The following Corporate Crime guidance note Produced in partnership with Emily Agnoli of Simmons & Simmons provides comprehensive and up to date legal information covering:
The Director of Public Prosecutions (DPP) undertook to produce the Crown Prosecution Service (CPS) Guidelines (Guidelines) when giving evidence on 8 February 2012 to the inquiry being conducted by Lord Justice Leveson into the Culture, Practices and Ethics of the Press. A public consultation was launched on 18 April 2012 and closed on 10 July 2012. The guidelines were issued by the DPP on 13 September 2012. The underlying principle emphasised by the CPS when publicising this guidance was that no journalist is above the law and no immunity can be given from prosecution.
The guidance for prosecutors on assessing the public interest in cases affecting the media (the Guidelines) can be found here.
The Guidelines are likely to be relevant when prosecutors are considering whether to charge journalists with criminal offences that may have been committed in the course of their work as journalists. They are also likely to be relevant when prosecutors are considering whether to charge others whose interaction with journalists may have involved the commission of a criminal offence.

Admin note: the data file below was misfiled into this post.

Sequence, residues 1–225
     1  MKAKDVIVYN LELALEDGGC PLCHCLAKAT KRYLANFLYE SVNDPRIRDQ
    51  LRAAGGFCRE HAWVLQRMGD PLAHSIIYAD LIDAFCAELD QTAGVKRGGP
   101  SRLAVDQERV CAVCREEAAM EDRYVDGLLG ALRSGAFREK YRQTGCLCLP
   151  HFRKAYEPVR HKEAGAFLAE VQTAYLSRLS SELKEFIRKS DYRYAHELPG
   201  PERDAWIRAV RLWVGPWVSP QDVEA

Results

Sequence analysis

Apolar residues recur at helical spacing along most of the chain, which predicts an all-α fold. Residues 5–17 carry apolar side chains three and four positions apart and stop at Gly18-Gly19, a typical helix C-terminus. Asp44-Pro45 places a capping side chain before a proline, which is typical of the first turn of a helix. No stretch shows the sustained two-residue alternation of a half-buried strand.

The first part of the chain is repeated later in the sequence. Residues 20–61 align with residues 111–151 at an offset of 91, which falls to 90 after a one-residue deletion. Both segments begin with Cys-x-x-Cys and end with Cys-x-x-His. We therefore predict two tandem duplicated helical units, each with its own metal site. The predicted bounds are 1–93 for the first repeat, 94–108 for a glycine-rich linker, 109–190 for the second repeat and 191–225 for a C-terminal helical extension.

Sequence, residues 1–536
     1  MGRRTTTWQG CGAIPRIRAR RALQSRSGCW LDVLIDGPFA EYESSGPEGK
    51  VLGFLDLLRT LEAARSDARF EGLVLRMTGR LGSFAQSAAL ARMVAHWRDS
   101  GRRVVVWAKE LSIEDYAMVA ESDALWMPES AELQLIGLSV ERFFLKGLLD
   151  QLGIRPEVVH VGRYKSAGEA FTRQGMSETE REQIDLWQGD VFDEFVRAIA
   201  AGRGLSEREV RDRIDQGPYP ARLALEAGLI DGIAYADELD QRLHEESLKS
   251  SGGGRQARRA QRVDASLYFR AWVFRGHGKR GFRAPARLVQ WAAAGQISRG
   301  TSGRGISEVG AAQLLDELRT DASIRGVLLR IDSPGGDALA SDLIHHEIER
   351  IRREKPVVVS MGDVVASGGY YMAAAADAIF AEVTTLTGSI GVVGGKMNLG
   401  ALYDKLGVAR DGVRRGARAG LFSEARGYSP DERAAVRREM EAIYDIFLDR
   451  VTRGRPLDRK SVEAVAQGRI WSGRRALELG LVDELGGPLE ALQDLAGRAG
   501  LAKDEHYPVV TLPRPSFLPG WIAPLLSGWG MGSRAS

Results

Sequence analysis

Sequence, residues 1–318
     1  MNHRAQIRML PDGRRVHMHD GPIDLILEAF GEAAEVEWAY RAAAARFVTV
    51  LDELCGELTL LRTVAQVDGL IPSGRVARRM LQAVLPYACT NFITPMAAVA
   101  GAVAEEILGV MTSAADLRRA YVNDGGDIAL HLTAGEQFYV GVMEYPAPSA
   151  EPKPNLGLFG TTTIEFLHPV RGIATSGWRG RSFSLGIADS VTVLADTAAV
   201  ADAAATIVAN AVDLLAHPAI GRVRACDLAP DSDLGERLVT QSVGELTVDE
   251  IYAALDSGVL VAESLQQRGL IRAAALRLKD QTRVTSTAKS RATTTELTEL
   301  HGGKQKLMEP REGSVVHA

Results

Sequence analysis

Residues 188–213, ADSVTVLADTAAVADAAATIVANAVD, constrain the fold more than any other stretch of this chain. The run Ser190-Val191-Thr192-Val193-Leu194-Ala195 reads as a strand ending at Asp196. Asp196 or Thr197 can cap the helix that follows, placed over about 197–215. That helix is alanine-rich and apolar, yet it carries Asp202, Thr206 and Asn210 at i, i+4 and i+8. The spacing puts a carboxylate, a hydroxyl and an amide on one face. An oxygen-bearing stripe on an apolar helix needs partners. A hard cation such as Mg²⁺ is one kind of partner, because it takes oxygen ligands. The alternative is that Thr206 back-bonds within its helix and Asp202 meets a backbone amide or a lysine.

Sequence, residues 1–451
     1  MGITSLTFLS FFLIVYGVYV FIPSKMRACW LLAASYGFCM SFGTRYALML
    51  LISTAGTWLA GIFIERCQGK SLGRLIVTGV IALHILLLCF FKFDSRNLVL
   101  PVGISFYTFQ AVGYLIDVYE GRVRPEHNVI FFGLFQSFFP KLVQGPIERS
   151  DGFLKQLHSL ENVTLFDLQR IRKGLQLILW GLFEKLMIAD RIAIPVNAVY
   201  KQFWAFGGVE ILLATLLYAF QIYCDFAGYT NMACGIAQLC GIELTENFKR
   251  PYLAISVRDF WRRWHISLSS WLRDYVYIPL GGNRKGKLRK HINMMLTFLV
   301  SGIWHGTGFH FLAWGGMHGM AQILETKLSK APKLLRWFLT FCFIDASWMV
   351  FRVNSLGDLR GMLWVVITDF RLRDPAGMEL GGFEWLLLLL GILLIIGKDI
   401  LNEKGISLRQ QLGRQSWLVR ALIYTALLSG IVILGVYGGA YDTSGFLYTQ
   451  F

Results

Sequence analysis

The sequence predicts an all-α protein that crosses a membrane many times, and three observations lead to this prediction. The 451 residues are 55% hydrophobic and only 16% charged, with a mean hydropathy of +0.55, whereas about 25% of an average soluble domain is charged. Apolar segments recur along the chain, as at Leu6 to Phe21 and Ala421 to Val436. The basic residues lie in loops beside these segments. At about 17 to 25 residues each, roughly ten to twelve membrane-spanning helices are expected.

The CPS has published further guidance following Operation Elvedon, the police investigation into the payment of corrupt public officials by journalists for information. This additional guidance addresses the factors to be considered when deciding whether to prosecute public officials, journalists or
**Trials are provided to all LexisPSL and LexisLibrary content, excluding Practice Compliance, Practice Management and Risk and Compliance, subscription packages are tailored to your specific needs. To discuss trialling these LexisPSL services please email customer service via our online form. Free trials are only available to individuals based in the UK. We may terminate this trial at any time or decide not to give a trial, for any reason. Trial includes one question to LexisAsk during the length of the trial.
To view the latest version of this document and thousands of others like it, sign-in to LexisPSL or register for a free trial.
Existing user? Sign-in
Take a free trial
0330 161 1234
To view our latest legal guidance content,sign-in to Lexis®PSL or register for a free trial.